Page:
"Don"t ever hesitate to take to God whatever is on your heart."He already knows it anyway,"but He doesn"t want you to bear its pain or celebrate its joy alone."

-Billy Graham

-----

Relinquishing self guilt:

"When God forgives us and purifies us of our sin, He also forgets it."Forgiveness results in God dropping the charges against us.

-----

Positive focus:

"Life is just a schoolroom with a glorious opportunity"to prepare us for eternity."

-Billy Graham

-----

When you are tempted to get discouraged, remind yourself that according to God"s word, your future is getting brighter; you are on your way to a new level of glory. You may think you"ve got a long way to go, but you need to look back at how far you"ve already come. You may not be everything you want to be but at least you can thank God that you"re not what you used to be."

-Joel Olsteen

-----

"If you"ll dare to take your mind off your troubles, get your mind off your own needs and, instead, seek to be a blessing to other people, God will do more for you than you could even ask or think."

-Joel Olsteen

-----
-----

-Children talk about praying

http://youtu.be...

-Child praying

http://youtu.be...

-Baby During Prayer

http://youtu.be...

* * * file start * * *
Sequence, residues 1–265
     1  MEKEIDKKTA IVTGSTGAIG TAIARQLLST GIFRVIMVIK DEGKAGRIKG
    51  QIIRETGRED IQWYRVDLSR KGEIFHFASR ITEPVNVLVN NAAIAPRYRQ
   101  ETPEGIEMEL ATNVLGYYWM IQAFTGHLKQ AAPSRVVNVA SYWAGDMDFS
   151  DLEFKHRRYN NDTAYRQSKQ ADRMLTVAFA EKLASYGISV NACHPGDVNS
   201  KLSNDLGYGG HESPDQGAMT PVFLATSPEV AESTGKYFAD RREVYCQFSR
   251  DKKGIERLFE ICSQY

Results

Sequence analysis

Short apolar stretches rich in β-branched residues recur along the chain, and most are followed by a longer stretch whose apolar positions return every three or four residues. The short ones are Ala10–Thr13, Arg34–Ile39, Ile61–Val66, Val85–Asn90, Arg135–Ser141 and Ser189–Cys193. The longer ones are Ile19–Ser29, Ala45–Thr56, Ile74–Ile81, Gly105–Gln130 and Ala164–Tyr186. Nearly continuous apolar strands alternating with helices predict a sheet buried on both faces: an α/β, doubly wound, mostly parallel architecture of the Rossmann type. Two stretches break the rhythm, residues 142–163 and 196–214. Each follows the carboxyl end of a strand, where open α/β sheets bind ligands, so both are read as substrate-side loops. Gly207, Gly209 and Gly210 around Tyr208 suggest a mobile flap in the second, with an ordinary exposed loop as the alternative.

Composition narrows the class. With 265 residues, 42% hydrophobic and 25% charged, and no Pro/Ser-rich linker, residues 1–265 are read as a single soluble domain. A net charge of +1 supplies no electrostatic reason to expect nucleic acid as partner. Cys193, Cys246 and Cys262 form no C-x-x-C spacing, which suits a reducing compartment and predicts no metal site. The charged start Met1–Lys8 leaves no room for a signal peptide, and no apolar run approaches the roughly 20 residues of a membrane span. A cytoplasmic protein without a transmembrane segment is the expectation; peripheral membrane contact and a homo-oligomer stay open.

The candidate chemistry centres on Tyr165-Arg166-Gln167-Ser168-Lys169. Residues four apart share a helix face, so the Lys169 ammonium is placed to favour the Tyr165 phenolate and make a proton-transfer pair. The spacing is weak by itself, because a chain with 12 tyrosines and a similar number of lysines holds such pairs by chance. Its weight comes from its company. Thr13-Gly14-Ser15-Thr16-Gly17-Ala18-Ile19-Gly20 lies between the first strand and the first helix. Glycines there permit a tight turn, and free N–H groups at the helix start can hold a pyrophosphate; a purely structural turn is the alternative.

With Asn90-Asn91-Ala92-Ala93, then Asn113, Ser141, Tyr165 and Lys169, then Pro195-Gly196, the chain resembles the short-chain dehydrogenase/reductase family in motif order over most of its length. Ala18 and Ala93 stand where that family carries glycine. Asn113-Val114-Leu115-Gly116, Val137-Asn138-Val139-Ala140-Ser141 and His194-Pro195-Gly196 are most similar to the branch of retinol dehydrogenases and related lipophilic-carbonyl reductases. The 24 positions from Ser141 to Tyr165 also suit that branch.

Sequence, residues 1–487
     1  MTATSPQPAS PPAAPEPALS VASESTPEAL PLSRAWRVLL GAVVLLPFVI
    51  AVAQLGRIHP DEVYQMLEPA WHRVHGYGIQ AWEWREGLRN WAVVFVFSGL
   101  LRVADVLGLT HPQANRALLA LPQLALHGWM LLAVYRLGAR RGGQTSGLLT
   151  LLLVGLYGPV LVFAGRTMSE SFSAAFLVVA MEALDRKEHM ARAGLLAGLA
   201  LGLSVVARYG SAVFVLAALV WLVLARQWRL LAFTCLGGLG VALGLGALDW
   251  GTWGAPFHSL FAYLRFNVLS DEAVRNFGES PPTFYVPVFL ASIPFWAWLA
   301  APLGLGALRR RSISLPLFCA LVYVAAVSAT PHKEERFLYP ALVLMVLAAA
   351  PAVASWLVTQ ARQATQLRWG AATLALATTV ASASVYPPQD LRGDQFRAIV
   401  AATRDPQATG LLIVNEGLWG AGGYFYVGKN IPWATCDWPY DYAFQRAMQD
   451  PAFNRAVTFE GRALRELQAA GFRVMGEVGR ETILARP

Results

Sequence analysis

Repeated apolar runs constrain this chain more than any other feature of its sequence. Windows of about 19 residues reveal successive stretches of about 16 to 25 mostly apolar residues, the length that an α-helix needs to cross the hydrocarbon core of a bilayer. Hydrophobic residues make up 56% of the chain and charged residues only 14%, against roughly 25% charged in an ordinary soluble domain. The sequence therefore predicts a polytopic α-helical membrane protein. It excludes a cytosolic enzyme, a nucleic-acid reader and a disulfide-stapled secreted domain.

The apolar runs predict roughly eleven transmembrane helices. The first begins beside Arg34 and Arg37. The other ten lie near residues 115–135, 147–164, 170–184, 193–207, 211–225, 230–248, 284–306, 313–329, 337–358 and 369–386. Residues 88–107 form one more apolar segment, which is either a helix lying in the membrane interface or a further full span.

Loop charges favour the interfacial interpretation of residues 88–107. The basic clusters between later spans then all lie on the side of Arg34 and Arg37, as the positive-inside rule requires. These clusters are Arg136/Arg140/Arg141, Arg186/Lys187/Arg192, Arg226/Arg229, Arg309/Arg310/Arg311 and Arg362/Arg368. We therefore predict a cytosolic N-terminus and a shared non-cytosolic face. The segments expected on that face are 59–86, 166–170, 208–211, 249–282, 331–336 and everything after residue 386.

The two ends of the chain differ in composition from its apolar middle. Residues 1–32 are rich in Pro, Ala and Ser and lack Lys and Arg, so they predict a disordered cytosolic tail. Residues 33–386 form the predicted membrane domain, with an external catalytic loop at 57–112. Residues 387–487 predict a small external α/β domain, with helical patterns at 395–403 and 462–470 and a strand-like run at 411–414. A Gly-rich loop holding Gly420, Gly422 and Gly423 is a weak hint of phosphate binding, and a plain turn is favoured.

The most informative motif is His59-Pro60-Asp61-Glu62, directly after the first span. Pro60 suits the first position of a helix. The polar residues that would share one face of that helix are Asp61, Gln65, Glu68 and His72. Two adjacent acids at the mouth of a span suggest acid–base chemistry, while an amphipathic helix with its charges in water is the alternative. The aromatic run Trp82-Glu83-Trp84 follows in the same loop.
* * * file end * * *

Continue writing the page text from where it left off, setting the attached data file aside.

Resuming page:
-Toddler caught on cam praying

http://youtu.be...

-----
-----

-The unifying factor of Christianity-

"The Majesty and Glory of Your Name"

http://youtu.be...

"FDR's Moving Prayer"

http://youtu.be...
"What Donald Trump is doing is representing the absolute heartbreak, and anger, and frustration at a government gone mad."

http://youtu.be...
brontoraptor
Posts: 11,685
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3/11/2016 3:04:40 AM
Posted: 8 months ago
I fought in a war, graduated from college, engineer different machines, and have studied every major religion plus many nonmajor ones. I have studied history, physics, astronomy, biology, and philosophy extensively. I have listened to Christopher Hitchens, Richard Dawkins, Bill Maher extensively, and am with Christ. I have used a combination of prayer, rationale, logic, philosophies, and prophecy to come to my conclusion.
"What Donald Trump is doing is representing the absolute heartbreak, and anger, and frustration at a government gone mad."

http://youtu.be...
brontoraptor
Posts: 11,685
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3/11/2016 3:39:00 AM
Posted: 8 months ago
Children praying

http://youtu.be...

Children on prayer

http://youtu.be...

Children praying and singing

http://youtu.be...
"What Donald Trump is doing is representing the absolute heartbreak, and anger, and frustration at a government gone mad."

http://youtu.be...
brontoraptor
Posts: 11,685
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3/11/2016 3:40:46 AM
Posted: 8 months ago
At 3/10/2016 9:32:34 PM, Stronn wrote:
At 3/10/2016 5:50:38 PM, brontoraptor wrote:
"Why do Atheists have Highest Suicide Rates"

http://www.thethinkingatheist.com...

Seeing I know this is it not abuse to offer them this belief system?